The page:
Thursday, September 5, 2013

Keeping Up With Entertainment Law Amongst a Changing Music Landscape

In the world of the music industry, the scope of copyright law is often stretched and contorted in an attempt to answer legal issues that didn’t even exist when said copyright law was written. Often, the current law must be interpreted in ways that the writers of the law likely never imagined. For businesses whose main product is music or the use of music, it is important to keep up with the various case law that is being created based on how the courts are ruling on these copyright issues. One way that music business such SadSon Music Group, LLC (the studio of which I happen to be a part) can keep up with the ever-changing landscape of copyright law is to pay attention to the various legal blogs and podcasts that exist on the Internet. I recently reviewed two of these said podcasts, and found some examples that illustrate my point about copyright law.

The first podcast is from the Entertainment Law Update Podcast where several copyright issues were discussed. In the podcast, entitled No copyright, Sherlock?, where entertainment attorneys Gordon P. Firemark, Esq. and Tamera H. Bennett, Esq. discuss a variety of current legal cases. One of the cases that made my ears perk up was one where SiriusXM Satellite Radio is being sued by two musicians who are former members of the band called The Turtles. The Turtles recorded several songs in the 1970’s that are being played on satellite radio stations owned by SiriusXM. Tamera discussed how XM, prior to merging with Sirius, was paying royalties to SoundExchange in order to play pre-1972 songs. Once XM merged with Sirius (who hadn’t been paying said royalties), the new company that was formed no longer paid any money to SoundExchange for the broadcast of these pre-1972 sound recordings. Why are songs recorded prior to 1972 an issue, you ask? Well, February 14, 1972 was when recorded songs began to fall under copyright protection. Prior to that, there is no law to force a radio station or other entity to pay a royalty to a copyright owner. This is an ongoing case, where case law exists both in favor of and against the defendant, SiriusXM, so it will be interesting to see how the laws created in 1972 will be applied to the new technology that is now in place.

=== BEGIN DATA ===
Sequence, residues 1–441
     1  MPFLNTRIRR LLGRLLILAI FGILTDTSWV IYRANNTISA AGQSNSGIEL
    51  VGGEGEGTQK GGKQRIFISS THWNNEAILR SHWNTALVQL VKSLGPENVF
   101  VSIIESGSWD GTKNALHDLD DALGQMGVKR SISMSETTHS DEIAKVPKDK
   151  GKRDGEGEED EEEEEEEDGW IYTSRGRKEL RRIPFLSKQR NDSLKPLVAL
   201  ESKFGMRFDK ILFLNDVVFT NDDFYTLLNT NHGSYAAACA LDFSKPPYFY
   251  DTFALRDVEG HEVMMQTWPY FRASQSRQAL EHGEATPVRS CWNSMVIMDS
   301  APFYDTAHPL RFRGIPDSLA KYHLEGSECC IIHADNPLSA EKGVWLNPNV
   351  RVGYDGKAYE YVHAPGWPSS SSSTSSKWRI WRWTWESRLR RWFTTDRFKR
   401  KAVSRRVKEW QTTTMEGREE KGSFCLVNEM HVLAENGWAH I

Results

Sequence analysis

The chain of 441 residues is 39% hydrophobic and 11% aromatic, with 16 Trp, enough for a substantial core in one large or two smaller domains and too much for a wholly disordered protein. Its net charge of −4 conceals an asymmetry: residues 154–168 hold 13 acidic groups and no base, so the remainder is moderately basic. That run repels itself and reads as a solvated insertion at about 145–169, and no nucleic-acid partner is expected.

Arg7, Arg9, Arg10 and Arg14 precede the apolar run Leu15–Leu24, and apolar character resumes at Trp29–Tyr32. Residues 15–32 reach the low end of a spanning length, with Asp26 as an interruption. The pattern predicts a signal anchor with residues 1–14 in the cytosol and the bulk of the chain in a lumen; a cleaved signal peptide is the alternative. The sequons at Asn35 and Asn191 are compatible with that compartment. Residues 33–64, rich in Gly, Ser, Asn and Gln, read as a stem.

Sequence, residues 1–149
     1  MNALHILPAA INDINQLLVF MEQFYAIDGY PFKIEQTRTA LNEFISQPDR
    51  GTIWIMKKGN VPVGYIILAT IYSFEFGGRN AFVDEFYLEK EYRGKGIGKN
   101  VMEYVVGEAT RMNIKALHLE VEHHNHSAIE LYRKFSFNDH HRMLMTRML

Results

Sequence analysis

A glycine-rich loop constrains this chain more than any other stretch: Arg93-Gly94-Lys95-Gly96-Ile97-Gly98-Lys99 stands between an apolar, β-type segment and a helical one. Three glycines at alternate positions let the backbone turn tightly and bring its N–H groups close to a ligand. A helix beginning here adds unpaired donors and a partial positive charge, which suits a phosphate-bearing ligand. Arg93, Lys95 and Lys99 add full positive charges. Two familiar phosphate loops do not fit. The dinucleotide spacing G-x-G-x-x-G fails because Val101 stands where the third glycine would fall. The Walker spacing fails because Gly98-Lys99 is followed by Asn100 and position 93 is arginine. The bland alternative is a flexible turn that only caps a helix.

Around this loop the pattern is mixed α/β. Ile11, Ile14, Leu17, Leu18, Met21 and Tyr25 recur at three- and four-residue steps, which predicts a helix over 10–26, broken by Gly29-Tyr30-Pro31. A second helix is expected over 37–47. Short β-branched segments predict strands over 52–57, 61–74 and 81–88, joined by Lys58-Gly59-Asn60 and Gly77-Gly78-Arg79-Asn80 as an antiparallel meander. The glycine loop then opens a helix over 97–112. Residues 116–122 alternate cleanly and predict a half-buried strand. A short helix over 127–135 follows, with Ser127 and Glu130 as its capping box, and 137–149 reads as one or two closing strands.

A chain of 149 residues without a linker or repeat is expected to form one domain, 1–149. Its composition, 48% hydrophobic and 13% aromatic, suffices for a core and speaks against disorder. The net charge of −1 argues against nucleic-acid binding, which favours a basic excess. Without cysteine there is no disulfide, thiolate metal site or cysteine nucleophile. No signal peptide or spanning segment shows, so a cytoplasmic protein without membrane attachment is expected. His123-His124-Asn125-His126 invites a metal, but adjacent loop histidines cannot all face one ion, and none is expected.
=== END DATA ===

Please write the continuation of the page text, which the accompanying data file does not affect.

A second podcast from Entertainment Law Update Podcast titled 360 deals, rights of publicity, and more discusses the emerging practice of record labels and what is known as 360 deals. A 360 deal is a record deal that allows the signing record label to share profits not only from the artist’s record itself, but also ownership or profit sharing of the artist’s entire career revenues. In California, there is a Talent Agencies Act that exists that says that only a licensed agency can “procure” employment for an artist. There are similar laws in New York and Tennessee (due to Nashville and the Country Music Industry). It is currently a hot issue as to if these 360 deals are in violation of the Talent Agencies Act, because the record label is NOT a licensed agent. Obviously, these laws don’t apply in most states, but the fact that most music industry business occurs in either California, New York, or Tennessee, the legal issues that arise due to the 360 deals will be an important topic to stay current on if one is to be part of the music industry in general.

Suffice to say, if one is to stay current in the legal aspects of the music industry, one must devote time every day to educate themselves about current copyright and other intellectual property issues that surface EACH DAY. This complicated world of entertainment law is even more evidence that any artist or other music industry professional would do well to retain an entertainment attorney (not just any attorney) in order to protect themselves as the legal landscape continues to shift as technology and business practices continue to change.

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